Bands Take Pay What You Want To Merch… And It Works Great
from the business-models-that-work dept
While at the Leadership Music Digital Summit last week, I got into a fantastic conversation with Dave Allen, perhaps most well known for being in the hugely influential band Gang of Four. In fact, the reason I missed the panel discussion about ISPs teaming up with the RIAA was because the conversation with Dave was so fascinating. I hope to talk to him some more in the future as well, but he’s a musician (who now helps other musicians) who really seems to understand the new business models that are out there.
Part of what we talked about concerned an experiment, where he convinced a few bands to stop offering set pricing on all of their merch, and instead, told them to ask each buyer what they wanted to pay. The bands that have tried this found that this made fans much happier. Many fans paid more than list price (even when told the “recommended price”) because they really wanted to support the band. Other fans, who wouldn’t have been able to afford the merch at the list price, came away much happier because they were able to afford stuff. Those fans become committed lifelong fans who are much more willing to spend more money in the future as well.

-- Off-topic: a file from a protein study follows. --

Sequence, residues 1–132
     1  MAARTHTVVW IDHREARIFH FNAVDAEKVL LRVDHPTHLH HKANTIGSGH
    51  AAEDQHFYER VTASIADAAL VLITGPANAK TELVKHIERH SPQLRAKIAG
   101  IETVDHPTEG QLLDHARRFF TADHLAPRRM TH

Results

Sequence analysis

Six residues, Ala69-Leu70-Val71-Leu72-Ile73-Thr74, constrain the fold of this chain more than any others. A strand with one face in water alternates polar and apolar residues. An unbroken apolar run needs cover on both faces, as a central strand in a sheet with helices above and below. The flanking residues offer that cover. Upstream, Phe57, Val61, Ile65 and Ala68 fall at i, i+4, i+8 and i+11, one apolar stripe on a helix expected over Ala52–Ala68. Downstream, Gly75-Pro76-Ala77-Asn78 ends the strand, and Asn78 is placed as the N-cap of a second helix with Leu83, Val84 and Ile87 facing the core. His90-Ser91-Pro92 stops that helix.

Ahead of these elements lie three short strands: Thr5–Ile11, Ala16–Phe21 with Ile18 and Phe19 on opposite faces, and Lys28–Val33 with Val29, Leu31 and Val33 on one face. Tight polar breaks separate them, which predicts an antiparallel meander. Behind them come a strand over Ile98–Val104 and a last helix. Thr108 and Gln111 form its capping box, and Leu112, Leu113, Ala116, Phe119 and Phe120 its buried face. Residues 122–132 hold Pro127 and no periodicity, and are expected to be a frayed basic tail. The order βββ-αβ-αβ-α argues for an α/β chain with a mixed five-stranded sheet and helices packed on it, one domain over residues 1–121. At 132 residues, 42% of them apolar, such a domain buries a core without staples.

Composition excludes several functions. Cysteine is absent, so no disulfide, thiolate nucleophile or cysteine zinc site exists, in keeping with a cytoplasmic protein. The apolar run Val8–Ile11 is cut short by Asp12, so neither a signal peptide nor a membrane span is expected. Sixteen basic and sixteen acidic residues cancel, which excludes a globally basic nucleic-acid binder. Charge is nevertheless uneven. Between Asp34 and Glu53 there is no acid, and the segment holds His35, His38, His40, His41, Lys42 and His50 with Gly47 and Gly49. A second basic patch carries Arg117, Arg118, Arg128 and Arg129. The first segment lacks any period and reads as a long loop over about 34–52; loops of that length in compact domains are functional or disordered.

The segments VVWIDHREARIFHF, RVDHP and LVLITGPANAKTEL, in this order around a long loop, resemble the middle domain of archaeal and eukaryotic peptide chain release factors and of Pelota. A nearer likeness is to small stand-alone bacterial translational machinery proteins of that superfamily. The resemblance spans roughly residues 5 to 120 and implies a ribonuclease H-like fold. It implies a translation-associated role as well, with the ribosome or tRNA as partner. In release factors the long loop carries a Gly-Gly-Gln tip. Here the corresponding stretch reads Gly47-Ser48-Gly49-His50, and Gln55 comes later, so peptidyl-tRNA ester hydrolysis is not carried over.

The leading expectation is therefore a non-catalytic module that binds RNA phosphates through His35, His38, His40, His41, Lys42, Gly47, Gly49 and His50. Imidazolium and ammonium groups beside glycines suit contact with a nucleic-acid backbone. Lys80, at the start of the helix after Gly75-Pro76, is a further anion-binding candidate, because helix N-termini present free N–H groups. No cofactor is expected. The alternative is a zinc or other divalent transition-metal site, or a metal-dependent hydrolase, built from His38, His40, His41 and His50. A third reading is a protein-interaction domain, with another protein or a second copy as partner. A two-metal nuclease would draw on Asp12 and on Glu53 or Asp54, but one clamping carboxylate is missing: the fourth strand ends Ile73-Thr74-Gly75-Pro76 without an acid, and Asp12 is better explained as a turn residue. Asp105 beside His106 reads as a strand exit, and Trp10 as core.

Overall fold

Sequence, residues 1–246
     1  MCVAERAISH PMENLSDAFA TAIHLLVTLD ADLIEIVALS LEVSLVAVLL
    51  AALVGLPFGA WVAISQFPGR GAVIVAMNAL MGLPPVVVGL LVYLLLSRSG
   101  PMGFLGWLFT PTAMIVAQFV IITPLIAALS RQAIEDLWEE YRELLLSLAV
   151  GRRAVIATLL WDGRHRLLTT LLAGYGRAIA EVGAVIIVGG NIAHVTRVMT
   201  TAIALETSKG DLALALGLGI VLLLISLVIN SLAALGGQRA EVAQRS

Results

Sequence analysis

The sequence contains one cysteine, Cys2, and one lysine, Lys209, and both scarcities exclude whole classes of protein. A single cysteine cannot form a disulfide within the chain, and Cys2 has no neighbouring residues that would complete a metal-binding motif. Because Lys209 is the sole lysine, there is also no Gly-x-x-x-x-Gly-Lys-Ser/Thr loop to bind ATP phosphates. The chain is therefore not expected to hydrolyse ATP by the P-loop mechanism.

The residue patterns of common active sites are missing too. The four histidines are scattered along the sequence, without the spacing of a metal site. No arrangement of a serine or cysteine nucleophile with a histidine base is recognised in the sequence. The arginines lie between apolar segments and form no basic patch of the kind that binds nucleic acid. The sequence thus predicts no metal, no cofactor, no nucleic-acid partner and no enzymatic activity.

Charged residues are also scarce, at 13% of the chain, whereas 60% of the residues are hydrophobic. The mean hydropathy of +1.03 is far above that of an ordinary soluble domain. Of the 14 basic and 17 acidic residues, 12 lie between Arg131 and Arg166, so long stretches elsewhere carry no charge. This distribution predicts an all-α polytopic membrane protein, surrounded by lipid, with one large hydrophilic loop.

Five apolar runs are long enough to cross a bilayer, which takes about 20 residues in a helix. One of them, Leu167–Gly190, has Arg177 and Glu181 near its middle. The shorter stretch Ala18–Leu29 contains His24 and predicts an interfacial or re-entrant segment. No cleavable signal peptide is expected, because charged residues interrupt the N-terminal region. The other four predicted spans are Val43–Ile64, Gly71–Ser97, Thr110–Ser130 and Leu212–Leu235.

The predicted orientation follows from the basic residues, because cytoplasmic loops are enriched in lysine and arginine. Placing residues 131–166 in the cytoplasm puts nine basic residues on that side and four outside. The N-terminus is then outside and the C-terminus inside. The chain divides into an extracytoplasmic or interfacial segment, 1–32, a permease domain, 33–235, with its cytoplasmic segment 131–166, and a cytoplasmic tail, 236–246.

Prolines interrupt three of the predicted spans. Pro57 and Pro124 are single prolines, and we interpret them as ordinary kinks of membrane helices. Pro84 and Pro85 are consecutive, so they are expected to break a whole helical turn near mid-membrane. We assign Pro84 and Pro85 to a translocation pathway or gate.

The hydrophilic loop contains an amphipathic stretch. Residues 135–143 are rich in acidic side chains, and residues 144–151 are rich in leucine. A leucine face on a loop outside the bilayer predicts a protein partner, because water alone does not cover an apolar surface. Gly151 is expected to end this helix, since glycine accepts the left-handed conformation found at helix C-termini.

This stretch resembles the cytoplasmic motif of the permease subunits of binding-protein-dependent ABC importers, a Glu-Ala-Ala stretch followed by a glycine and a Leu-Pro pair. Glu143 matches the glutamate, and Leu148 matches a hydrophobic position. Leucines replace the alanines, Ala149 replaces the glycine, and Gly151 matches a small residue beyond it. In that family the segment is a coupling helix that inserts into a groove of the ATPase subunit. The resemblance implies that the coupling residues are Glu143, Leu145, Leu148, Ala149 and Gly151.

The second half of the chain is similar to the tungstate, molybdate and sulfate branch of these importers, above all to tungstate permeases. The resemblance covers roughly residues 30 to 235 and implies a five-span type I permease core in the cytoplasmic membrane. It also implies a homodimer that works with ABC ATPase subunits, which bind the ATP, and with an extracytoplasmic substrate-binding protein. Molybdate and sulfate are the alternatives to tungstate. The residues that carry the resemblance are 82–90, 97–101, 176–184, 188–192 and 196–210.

A few more bands have been taking Dave up on the challenge to try this model, and Ben Taylor (son of James Taylor and Carly Simon) recently tested it out and found that he made a lot more money doing things that way.
We took in well over $1000 in CD sales, double what we would on an average night. We normally sell 3 Full Lengths at $15 each and an EP at $5.
We sold a total of 84 CD?s averaging almost $12 per CD!
Last night we were in Jackson Hole, the trend continued, proving another good night. Where we sold 48 CD?s and averaged almost $11 a CD.
We are moving more product than we normally would and in average making more than what our CD were to sell on iTunes or a record store.